LACMA Family Activities Review: The Boone Children’s Gallery

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On Sunday, I manage to get my kids out of the house by 10 am.  We plug in our latest iPod downloads — momentary hesitation here as I question whether the “clean” version of my 8 year old’s new favorite hip hop song is really appropriate. We head east for the Los Angeles County Museum of Art (LACMA) – one of my favorite art museums in Los Angeles.


Our plan is to meet our friends at 10:30 am in front of the lampposts. This will give the kids plenty of time to run around before the museum opens at 11 am.  The Urban Light sculpture (learn more) by Chris Burden, made with 202 L.A. street lights, is a hit. The kids love running in and out of the lampposts together.

Here’s the really cool thing about LACMA — kids are free. LACMA’s NexGen program gives free admission to kids under 17 and an accompanying adult.  Our kids get NexGen nametags to wear around their necks — they like this a lot.  Their name tags work as free passes everytime they come to the museum.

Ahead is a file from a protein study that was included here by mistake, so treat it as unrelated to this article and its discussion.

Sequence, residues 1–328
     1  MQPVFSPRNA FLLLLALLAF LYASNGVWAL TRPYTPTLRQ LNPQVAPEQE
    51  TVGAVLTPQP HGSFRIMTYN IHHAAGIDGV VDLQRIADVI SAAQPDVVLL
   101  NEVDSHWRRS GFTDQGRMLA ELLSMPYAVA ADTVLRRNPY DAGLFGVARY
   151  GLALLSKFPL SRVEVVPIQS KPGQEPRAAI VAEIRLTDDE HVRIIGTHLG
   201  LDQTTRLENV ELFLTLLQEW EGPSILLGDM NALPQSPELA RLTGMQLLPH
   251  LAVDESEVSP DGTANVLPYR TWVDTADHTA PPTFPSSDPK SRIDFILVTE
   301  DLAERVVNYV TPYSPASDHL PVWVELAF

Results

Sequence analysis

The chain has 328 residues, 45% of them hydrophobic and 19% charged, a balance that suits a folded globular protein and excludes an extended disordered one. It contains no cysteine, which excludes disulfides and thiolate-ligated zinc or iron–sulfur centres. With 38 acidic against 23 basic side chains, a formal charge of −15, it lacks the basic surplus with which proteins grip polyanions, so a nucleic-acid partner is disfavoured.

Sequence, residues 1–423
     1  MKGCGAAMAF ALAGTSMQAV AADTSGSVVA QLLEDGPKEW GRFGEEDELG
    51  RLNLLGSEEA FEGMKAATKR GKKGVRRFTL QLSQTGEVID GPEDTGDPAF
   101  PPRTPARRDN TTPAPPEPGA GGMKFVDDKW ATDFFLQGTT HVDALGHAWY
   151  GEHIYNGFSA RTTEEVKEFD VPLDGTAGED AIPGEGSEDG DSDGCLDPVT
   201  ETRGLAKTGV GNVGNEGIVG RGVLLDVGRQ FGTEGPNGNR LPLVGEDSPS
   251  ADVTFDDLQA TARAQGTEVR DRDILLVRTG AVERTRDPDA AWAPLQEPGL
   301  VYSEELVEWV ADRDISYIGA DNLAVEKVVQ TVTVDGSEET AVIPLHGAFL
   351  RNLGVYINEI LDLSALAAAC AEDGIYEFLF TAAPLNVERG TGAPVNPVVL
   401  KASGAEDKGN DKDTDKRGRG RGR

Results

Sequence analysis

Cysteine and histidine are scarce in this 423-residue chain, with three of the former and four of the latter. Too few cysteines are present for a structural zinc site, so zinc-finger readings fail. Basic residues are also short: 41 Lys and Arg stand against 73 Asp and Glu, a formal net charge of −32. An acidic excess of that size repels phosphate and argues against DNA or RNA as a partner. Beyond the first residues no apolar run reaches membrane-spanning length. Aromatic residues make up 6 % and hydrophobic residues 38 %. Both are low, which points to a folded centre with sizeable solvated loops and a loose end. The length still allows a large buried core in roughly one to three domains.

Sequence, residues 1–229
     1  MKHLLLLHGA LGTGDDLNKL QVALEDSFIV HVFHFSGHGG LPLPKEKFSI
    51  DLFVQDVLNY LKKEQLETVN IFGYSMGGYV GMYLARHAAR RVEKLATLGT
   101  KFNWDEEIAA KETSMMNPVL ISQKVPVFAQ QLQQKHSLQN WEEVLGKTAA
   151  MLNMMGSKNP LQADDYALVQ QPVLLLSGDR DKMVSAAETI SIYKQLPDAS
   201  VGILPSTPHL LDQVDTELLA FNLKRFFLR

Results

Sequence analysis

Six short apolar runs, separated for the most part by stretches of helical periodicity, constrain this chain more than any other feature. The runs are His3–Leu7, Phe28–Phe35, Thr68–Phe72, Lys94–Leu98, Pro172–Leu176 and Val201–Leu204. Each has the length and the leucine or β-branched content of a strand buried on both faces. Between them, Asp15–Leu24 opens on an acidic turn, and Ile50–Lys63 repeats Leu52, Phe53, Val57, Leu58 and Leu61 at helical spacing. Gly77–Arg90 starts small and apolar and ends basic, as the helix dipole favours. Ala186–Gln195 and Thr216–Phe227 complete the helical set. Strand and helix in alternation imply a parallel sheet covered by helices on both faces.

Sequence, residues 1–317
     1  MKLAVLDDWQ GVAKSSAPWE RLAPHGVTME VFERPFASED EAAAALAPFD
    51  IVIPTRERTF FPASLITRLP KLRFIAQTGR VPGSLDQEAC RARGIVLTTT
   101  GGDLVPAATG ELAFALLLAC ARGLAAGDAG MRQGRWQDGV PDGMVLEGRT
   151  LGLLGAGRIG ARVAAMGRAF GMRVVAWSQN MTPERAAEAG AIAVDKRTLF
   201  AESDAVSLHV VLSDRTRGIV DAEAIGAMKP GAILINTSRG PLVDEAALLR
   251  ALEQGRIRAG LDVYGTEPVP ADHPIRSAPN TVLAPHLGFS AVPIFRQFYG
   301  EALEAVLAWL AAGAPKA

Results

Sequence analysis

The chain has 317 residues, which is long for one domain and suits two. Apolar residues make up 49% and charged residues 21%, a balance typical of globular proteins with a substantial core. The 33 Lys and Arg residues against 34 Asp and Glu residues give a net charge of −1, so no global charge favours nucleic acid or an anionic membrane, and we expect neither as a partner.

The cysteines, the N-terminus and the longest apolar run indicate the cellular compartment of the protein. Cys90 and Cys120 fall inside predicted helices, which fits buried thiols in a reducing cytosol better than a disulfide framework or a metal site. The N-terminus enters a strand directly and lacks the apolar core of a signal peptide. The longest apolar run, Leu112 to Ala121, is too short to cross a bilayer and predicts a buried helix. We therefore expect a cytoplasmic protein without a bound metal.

Then we head over to the Boone Children’s Gallery (learn more)– a place where kids and adults can learn how to make Korean watercolor paintings.  We’re there early so we have the place to ourselves. The super friendly gallery educator gives us a quick demonstration and the kids paint to their heart’s content (and so do we).

While our masterpieces are drying, we decide to grab lunch at the cafe. The museum’s Plaza Cafe is nearby — even better, the food is great.  Menu highlights are gourmet pizzas baked in a hearth oven, and yummy hot Panini sandwiches. It is a little expensive (most items are around $9.50, and kids meals are $7.50-5.00). But hey, we scored free parking on the street (one of the perks of getting there early) and the tickets were free.

On the way out, the kids check out Calder’s Hello Girl mobile sculpture  (learn more) outside the café.  There’s definitely something about these large sculptures that really captivates their attention.  Then the kids run off towards the grassy knoll outside the Page Museum – La Brea Tar Pits. They start rolling wildly down the hill, laughing all the way.

We tell the kids not to touch the tar puddles scattered throughout the park.  But they can’t resist and do it anyway. I’m having trouble getting the tar off my son’s hands (note to self, bring wipes next time), and it seems like the kids have seen enough for today, so we head home.

On our way back, I’m thinking about what a great time we had.  I do, however, feel some parental guilt as I realize we never did go in the galleries.  But then I think again.  While the kids didn’t see any of the museum’s art collection, they did see some amazing outdoor sculptures.  And best of all, it was a great experience and they want to go again.


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